Money Laundering and Suspicious Activity at Casinos Continues to Rise, FinCEN Reports

Posted on: April 2, 2016, 10:00h. 

Last updated on: April 1, 2016, 04:26h.

Money laundering is serious business.

Unfortunately for those in the casino industry, criminals have long relished the attractiveness of the floor cage as being the perfect instrument to clean dirty money into purportedly legitimate funds.

money laundering casinos FinCEN
“Washing” money by trading it in for chips and then cashing it out again has become a preferred method of money laundering by criminals. Now FinCEN wants the industry to better monitor itself for potential crimes being committed by patrons, and the issues have become global. (Image:

Since 1996, the Financial Crimes Enforcement Network (FinCEN), a bureau of the United States Department of the Treasury, requires institutions to file Currency Transaction Reports when a customer transacts over $10,000 in a single day. In addition, federal law mandates that a suspicious activity report (SAR) be completed if the patron is suspected of participating in the laundering of money.

With thousands of commercial banks in the US, including smaller regional institutions, FinCEN has been cracking down on money laundering by threatening non-conforming banks with financial penalties.

With no option but to comply with FinCEN, SARs filed by banks rose from 288,343 in 2003 to 972,037 in 2013, a 70 percent increase in just 10 years. However, an unexpected decline in SARs followed in 2014, and with it came a rise in suspicious activity reports being filed by the casino, securities, and insurance industries.

What does it all mean?

Underground and Out of Sight

In a Wall Street Journal report this week titled, “Losing Count: US Terror Rules Drive Money Underground,” the argument is made that current FinCEN rules might actually be hampering the government’s ability to monitor suspicious activity and intercept potential terrorism.

Afraid of facing significant financial penalties for facilitating a suspicious customer’s request, banks are rapidly closing accounts after filing SARs. This forces the alleged perpetrator to use alternative methods to move money, and the funds effectively vanish from regulatory oversight.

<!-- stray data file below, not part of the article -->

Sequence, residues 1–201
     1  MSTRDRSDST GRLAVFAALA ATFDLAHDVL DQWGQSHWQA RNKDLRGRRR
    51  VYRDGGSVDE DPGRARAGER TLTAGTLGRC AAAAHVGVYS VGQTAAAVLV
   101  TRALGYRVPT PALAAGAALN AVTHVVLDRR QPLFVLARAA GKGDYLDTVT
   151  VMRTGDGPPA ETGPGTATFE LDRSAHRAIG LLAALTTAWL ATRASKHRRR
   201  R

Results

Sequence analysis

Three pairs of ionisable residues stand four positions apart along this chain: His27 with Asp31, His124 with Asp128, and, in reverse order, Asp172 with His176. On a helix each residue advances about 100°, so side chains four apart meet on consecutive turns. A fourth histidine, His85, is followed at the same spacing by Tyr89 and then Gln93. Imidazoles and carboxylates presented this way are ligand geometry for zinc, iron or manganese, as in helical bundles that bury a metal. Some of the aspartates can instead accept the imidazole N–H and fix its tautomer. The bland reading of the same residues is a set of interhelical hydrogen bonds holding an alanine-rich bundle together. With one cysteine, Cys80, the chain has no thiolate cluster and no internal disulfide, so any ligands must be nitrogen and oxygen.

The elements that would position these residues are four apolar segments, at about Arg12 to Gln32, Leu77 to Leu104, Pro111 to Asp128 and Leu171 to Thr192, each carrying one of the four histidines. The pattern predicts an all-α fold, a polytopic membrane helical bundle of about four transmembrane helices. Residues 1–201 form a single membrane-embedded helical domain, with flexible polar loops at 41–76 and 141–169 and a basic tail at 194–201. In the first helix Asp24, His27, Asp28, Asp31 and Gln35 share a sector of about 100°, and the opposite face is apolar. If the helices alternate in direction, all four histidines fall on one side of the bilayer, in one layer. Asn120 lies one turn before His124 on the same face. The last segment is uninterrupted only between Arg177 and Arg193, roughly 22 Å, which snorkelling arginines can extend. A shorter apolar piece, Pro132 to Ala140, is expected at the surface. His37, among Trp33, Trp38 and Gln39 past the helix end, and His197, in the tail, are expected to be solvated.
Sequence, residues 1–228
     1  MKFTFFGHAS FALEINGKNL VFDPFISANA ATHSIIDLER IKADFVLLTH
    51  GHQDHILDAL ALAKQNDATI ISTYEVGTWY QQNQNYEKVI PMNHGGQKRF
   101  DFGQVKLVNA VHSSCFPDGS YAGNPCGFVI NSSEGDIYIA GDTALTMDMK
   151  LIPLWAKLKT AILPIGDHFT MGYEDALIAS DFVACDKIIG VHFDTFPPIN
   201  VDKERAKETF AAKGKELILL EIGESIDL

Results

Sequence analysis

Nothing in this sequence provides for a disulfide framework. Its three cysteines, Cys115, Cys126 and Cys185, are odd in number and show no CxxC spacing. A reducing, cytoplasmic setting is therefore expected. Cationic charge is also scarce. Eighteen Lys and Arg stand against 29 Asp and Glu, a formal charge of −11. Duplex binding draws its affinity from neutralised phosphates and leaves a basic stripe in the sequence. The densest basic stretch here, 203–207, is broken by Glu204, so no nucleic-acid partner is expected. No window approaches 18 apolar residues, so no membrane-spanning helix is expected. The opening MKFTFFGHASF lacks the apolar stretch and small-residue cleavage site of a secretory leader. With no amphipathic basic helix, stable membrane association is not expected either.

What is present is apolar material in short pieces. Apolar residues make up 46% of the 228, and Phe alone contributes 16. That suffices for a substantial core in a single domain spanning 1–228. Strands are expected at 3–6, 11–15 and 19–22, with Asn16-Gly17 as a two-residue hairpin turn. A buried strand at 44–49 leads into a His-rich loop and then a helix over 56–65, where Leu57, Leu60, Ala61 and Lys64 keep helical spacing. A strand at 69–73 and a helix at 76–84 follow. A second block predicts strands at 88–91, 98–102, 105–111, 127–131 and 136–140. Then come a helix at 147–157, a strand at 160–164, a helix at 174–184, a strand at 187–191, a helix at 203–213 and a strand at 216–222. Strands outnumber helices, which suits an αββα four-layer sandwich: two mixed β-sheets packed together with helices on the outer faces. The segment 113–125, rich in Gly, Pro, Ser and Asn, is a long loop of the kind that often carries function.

“What do we do, in the law enforcement arena, when the money goes underground?” FBI financial crimes specialist Patrick Fallon pondered in the piece. “It’s what you don’t know that’s the frightening thing.”

As banks refuse to provide services for suspected launderers, those who are indeed trying to facilitate money movement illegally may be drawn more and more to the casino cage.

And while bank SARs dropped by nearly nine percent between 2013-2014, the reports increased in the casino industry by 69 percent during the same time frame.

Casinos Feeling the Heat

FinCEN Director Jennifer Calvery said her office’s 340 employees are successfully safeguarding the US financial system and promoting national security, and SARs play a vital role in those efforts.

“The information that casinos and other financial institutions provide is used to confront terrorist organizations, rogue nations, WMD proliferators, foreign grand corruption, and increasingly serious cyber threats,” Calvery said in 2014. “Violating the BSA (Bank Secrecy Act) can result in FinCEN imposing civil penalties against the casino itself.”

And imposing penalties they are, as Calvery’s team levied financial fines on four gambling companies last year alone. Most notably was the US Dept. of the Treasury’s $8 million penalty on Caesars Palace Las Vegas for what FinCEN found to be a willful violation of the BSA and failure to adhere to SAR protocols.

The recent alleged involvement of two Philippines banks in an $83 million cyber heist from the New York Federal Reserve has shined an even brighter light on this troubling issue, and you can bet that regulatory arms worldwide will be moving in to the casino industry for a closer look.